1. Our blessed Lord falls again and again beneath the weight of the cross, until it becomes evident to the soldiers that He will never be able to drag it to the place of execution. They accordingly lay hold of a heathen passing by, Simon the Cyrenian, and him they compel to carry the cross. How little Simon knew the happiness in store for him when those rough soldiers seize him and force him to the ignominious task of carrying for a public criminal the instrument of his punishment! How often we too fail to recognize in the sudden disagreeables and contradictions we encounter God’s wonderful designs of mercy to us!
2. Simon at first bore the cross surlily and reluctantly, chafing under the hardship inflicted on him. But as he carries it, somehow an unaccountable change comes over him. It has the virtue to change his heart, and to make of him a devoted follower of the Crucified, one of the pillars of the Apostolic Church. Thus many a cross that we carry reluctantly turns out to be really the means of our sanctification and salvation.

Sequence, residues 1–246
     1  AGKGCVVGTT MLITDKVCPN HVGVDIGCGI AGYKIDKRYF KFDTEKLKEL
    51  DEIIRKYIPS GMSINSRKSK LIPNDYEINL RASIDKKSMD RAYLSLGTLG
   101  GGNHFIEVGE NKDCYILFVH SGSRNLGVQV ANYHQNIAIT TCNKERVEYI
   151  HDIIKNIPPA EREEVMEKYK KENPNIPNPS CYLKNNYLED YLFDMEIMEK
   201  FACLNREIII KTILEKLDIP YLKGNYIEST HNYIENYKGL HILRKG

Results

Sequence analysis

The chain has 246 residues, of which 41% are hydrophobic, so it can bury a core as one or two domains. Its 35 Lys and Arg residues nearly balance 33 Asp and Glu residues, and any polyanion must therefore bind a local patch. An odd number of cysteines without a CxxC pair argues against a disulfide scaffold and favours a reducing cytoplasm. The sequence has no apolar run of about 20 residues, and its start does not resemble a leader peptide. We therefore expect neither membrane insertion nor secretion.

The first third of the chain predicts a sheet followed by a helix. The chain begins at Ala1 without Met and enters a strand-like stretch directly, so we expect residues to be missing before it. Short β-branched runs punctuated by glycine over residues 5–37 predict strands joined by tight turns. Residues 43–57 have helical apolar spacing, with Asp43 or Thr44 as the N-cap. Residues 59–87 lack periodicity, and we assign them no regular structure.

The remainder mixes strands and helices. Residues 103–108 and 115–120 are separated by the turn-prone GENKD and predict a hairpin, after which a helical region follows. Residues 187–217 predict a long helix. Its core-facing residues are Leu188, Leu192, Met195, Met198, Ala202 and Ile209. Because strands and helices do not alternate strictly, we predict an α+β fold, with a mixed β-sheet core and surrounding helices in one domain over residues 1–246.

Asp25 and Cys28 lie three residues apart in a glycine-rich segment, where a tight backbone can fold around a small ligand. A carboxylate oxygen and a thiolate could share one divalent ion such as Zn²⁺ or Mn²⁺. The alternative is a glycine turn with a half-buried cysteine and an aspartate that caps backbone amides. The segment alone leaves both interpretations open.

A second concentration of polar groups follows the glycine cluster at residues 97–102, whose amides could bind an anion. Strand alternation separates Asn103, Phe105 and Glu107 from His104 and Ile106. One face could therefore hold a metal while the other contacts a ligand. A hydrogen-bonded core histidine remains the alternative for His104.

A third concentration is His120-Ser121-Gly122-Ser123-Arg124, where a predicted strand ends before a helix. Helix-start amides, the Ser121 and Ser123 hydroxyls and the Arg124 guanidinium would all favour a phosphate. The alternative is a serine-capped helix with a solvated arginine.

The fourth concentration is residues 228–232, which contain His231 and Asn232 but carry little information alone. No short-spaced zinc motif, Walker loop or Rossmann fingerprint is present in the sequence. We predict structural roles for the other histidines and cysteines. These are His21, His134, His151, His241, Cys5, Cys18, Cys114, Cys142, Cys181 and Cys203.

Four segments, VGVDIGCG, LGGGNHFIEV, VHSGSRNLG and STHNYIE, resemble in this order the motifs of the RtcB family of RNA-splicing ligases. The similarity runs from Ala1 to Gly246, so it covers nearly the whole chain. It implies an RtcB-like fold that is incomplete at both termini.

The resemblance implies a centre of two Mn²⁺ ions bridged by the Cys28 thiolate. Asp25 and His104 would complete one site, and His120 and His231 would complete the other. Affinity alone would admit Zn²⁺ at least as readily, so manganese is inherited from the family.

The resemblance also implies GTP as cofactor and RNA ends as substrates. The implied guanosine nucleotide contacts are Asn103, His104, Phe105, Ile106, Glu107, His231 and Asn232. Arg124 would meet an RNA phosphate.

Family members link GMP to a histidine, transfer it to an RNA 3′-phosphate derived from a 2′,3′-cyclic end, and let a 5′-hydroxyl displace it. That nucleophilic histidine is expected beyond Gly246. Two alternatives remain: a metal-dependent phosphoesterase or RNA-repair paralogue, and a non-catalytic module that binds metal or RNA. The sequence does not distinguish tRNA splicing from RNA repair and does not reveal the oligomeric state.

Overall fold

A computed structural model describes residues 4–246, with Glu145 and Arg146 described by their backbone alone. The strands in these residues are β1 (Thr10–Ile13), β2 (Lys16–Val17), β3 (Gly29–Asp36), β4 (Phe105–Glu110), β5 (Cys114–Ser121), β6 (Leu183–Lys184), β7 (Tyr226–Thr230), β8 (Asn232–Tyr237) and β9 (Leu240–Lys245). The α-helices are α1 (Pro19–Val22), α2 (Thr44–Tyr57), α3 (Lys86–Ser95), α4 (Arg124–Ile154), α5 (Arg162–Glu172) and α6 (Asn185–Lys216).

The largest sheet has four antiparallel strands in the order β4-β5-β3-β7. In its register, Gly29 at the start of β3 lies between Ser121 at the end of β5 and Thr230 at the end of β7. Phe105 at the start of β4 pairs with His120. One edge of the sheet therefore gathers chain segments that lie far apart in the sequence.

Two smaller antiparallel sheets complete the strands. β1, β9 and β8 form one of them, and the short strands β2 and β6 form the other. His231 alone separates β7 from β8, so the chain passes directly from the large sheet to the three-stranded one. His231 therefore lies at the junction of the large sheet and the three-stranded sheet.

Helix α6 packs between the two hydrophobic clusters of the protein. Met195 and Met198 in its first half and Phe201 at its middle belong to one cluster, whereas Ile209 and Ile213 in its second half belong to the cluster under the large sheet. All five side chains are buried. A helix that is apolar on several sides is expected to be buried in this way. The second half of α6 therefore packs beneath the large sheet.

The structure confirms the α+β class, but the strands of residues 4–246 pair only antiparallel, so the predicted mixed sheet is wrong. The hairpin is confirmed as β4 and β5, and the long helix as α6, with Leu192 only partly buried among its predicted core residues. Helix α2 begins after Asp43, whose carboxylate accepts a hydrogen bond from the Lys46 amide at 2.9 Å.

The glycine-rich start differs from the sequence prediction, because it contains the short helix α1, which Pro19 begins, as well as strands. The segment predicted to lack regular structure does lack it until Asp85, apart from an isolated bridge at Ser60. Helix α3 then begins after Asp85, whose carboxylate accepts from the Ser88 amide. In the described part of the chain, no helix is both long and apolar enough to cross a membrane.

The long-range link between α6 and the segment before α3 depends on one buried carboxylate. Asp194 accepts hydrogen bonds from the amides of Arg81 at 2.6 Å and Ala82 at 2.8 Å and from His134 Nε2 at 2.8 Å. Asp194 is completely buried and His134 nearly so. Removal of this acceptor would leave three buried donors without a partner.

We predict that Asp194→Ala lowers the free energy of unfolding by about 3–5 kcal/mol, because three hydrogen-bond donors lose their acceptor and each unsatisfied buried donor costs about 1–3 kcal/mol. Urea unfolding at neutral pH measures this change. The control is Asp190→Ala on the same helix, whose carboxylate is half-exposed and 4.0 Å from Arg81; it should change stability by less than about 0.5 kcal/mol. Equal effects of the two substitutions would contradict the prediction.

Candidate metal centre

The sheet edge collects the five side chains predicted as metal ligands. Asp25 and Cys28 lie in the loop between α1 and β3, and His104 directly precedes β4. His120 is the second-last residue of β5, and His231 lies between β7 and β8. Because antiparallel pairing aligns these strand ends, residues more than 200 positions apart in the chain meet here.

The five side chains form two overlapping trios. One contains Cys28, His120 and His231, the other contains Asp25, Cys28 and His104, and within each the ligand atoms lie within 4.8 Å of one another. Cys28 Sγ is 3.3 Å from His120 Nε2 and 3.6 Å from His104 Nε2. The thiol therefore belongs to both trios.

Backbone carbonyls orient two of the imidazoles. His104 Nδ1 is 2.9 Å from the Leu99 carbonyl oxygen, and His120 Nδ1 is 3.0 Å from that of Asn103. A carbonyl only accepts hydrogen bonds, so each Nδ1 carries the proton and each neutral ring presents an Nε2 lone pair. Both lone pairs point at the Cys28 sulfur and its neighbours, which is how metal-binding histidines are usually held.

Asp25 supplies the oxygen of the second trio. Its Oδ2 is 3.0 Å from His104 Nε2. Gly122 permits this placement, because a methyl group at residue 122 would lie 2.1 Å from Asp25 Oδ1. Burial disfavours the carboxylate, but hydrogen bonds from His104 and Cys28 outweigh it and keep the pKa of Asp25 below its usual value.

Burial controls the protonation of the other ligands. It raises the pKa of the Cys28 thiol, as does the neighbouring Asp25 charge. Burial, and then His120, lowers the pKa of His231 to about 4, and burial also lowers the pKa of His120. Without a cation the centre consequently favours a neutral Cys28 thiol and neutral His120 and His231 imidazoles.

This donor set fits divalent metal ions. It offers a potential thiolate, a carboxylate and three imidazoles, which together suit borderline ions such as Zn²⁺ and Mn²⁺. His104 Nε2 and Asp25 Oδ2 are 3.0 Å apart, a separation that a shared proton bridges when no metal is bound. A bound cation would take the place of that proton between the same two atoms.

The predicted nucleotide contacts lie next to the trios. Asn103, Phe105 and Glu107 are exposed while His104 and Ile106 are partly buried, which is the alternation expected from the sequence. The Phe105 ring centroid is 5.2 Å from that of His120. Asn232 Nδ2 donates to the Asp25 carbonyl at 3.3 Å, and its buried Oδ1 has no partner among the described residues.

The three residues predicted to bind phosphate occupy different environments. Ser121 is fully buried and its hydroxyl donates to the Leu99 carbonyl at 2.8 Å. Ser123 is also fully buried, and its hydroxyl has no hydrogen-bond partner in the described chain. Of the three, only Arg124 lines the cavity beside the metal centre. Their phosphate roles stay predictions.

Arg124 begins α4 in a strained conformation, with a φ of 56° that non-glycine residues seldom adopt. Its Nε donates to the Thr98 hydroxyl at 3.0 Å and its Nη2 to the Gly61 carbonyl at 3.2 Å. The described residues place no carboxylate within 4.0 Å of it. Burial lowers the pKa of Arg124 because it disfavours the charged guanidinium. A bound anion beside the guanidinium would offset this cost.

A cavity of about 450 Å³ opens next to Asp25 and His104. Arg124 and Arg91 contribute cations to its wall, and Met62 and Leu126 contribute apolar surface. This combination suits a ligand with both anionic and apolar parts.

3. Before Simon arrives at the summit of Calvary, the cross has endeared itself to him. He has recognized that to carry it for Jesus was no hardship, but a privilege and a happiness. So too the saints learn to love the cross, to embrace it, to seek it, to carry it with all joy, to be almost discontented if they are without it. This is the very height of peace and felicity; for those who find their joy in the cross find everywhere around them cause for rejoicing.
Source: Clarke, R. F. (1889). The Sacred Passion of Jesus Christ: Short Meditations for Every Day in Lent (p. 42). Benziger Brothers.